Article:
A Life of Otherness: Identity Negotiation, Family Relationships, and Community Experiences among LGBQ Armenians in Los Angeles
- Author(s): Aroush, Rosie Vartyter
- Advisor(s): Cowe, Peter S.;
- Erai, Michelle
- et al.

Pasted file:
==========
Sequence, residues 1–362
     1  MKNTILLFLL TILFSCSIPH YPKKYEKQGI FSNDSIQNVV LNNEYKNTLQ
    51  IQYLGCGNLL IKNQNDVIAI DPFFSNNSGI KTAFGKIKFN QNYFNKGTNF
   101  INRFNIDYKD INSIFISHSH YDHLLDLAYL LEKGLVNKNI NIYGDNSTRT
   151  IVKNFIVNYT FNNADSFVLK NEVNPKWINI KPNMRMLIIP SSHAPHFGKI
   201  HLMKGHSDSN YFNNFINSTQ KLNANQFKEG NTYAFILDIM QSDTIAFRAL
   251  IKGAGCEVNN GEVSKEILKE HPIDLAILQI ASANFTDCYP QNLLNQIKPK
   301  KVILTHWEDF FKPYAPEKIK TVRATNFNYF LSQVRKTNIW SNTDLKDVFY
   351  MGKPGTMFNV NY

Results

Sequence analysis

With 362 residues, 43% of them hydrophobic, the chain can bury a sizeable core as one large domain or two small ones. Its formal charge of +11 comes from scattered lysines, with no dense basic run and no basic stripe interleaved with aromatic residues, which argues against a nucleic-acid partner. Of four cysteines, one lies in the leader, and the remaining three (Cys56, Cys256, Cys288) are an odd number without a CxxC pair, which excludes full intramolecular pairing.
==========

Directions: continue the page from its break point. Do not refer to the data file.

Diaspora as a permanent phenomenon and Los Angeles as host to one of the largest and most heterogeneous Armenian diasporic communities provide a fascinating backdrop for an expansive illustration on identity negotiation, family relations, and community networks. Identity as a marker cannot be compartmentalized; parts of oneself are not divided into segments, but rather experienced as a complete whole made up of many ingredients. What happens when people are not encouraged to accept their personal identity in all its diversity? What choices are made when one ingredient of their identity conflicts with another? This study discusses the struggles endured and strategies employed by Los Angeles lesbian, gay, bisexual, and queer (LGBQ) Armenians in negotiating and reconciling their multiple identities by constantly privileging then covering one over the other. The research indicates that LGBQ Armenians use distinct disclosure strategies in approaching coming out with their family and community members, not only to belong in these heteronormative spaces, but also to maintain coexisting relationships. Furthermore, this study explores the impact of ethnic-based institutions and the influence of family values and cultural norms on the coming out process and on their experiences as LGBQ Armenians. This dissertation employs qualitative research methods and is based on a series of interviews with LGBQ Armenian adults aged 21-51 from Los Angeles, consisting of questions relating to their ethnic and sexual identity, family experiences, and community involvement. Interviews are transcribed following customary research and transcription conventions. The transcripts are analyzed using qualitative techniques with an issue-focused thematic analysis approach.